To mitigate the risk, KPN will not allow Huawei to approach its 5G core, the control center of the network. The move mirrors that of Deutsche Telekom in Germany and means that KPN can boast of a multi-vendor network, even though there are single vendors in specific areas. The main work went to Ericsson, which replaced some older basics supplied by Huawei. The salespeople have basically gone back to some sort of cabinet reshuffle ?? only one whose appointees actually know what they’re doing.
Table 1: Key figures of KPN (?? millions)
|2019||2020||Change from year to year|
|Adjusted income||5 486||5,275||-3.9%|
|Adjusted EBITDA AL||2 317||2320||0.1%|
|?? as a% of adjusted revenue||42.2%||44.0%|
|Operating profit (EBIT)||1,041||912||-12%|
|?? as a% of adjusted revenue||20.3%||21.8%|
|Free operating cash flow||1,202||1,172||-2.5%|
|?? as a% of adjusted revenue||21.9%||22.2%|
|Free movement of capital||726||765||5.4%|
|?? as a% of adjusted revenue||13.2%||14.5%|
|Net debt||5,148||5 332|
|Return on capital employed||9.3%||10.1%|
Government bans aside, analysts fear that U.S. trade sanctions, restricting Huawei’s access to vital components, could deplete its inventory and ultimately make its network products less competitive. So far, there have been no signs of an impending crisis, and Fouladi does not appear anxious. “We’re thinking about it a bit in terms of inventory,” he says. “Their products are still there for a lot of operators.”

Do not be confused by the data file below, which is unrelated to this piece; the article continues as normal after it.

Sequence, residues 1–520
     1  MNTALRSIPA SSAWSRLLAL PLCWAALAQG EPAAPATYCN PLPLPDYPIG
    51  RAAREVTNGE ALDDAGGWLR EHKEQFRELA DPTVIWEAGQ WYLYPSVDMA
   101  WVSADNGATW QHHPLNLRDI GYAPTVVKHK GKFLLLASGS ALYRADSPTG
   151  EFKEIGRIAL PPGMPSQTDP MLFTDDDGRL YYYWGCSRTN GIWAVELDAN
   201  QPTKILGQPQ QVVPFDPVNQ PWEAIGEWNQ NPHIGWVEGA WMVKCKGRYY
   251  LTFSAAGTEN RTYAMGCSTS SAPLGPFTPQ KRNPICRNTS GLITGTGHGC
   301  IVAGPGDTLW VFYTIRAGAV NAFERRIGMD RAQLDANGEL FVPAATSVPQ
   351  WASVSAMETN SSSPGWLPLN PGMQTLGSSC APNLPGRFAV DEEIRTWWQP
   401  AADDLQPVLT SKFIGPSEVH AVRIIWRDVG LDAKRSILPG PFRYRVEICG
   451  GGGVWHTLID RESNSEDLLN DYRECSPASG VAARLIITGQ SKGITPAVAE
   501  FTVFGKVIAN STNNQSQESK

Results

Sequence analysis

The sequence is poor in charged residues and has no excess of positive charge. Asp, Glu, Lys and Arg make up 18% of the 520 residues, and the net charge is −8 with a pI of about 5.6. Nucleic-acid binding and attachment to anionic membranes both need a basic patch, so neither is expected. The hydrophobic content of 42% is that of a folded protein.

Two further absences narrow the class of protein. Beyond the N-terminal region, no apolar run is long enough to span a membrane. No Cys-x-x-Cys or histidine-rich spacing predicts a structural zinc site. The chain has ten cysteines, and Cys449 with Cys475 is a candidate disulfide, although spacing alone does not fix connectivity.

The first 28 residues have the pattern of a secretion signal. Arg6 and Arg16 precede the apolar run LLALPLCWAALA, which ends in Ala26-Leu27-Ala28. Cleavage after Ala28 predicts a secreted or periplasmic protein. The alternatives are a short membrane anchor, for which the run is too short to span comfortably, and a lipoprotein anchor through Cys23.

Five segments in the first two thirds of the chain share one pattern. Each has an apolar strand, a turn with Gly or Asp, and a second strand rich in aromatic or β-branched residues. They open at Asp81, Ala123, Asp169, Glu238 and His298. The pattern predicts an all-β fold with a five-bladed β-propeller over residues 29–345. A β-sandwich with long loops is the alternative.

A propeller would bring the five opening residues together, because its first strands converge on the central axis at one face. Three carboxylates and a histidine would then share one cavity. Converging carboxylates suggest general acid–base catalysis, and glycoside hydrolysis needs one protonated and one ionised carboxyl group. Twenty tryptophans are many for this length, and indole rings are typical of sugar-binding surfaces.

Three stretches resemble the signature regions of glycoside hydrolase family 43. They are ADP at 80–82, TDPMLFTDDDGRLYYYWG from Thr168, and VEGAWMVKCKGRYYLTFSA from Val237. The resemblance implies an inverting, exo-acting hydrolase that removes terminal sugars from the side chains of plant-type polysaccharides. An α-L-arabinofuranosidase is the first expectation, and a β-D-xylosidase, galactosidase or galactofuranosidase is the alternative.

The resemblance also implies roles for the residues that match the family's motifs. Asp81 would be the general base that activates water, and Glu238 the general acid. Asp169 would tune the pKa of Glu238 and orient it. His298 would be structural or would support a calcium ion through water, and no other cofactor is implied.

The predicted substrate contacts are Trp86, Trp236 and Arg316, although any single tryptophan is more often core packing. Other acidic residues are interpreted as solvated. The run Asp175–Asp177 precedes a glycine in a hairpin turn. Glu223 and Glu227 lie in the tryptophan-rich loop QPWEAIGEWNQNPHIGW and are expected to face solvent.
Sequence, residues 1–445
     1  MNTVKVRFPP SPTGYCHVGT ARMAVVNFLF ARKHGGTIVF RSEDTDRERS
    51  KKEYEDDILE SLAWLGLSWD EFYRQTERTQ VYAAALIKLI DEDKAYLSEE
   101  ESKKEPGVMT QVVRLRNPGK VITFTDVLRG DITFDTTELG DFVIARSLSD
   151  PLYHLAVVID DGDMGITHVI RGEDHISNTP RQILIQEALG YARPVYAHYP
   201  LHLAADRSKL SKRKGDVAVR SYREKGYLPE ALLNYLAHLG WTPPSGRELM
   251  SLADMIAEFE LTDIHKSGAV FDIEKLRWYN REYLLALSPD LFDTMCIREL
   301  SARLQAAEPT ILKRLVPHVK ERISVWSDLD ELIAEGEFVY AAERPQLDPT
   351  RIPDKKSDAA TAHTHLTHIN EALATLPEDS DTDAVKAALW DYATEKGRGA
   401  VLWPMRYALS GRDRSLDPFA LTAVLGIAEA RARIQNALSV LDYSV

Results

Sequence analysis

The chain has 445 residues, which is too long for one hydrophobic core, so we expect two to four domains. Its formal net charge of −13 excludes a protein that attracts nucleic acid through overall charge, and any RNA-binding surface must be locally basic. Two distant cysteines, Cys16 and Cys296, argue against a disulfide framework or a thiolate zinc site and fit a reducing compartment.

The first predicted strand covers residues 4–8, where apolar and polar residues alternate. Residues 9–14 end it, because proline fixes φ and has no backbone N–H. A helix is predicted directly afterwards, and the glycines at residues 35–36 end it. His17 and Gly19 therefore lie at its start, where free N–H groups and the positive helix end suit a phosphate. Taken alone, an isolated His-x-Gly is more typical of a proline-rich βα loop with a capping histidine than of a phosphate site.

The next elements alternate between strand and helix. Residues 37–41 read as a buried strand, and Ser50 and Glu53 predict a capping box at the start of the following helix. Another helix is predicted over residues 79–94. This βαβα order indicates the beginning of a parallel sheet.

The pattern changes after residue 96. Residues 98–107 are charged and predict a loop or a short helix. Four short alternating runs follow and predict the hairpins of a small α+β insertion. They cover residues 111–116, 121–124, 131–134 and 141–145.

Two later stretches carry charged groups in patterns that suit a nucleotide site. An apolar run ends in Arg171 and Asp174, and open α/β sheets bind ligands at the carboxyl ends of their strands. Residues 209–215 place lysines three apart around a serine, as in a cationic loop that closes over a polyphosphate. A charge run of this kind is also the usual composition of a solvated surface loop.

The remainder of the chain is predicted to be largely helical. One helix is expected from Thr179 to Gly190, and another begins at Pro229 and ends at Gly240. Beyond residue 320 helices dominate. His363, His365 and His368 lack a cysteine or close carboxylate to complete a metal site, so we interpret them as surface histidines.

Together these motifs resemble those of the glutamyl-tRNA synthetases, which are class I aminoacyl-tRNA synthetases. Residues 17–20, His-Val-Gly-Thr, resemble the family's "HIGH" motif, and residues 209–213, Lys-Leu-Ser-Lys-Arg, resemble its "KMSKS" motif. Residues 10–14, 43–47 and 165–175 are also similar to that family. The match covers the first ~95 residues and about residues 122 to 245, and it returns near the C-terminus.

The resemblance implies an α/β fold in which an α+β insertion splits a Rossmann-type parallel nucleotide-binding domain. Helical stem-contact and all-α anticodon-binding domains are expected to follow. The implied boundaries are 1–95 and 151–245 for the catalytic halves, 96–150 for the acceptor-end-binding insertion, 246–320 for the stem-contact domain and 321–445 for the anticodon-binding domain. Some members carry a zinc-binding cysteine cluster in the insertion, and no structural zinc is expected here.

This could explain why he doesn’t consider open RAN a priority. The new technology, supporters say, will allow operators to mix products from different vendors on the same mobile site, something that is not possible with traditional networks (including those KPN buys from Huawei). It has caught the attention of operators as a potential incentive for competition, especially if Chinese suppliers become unavailable. But Fouladi is currently more of an open spectator of RAN than a participant.
However, he is in favor of the changes that this would bring. “Conceptually, we are very supportive of open RAN,” he told Light Reading. “It’s always a good thing to bring more competition and innovation to the industry.” What Fouladi rules out is any deployment of open RAN technology over the next two years. Its start-up problems make the mistrust understandable. But given KPN’s recent move from Ericsson to Huawei, and its willingness to cushion that mobile network, Fouladi’s relative lack of interest is even less surprising.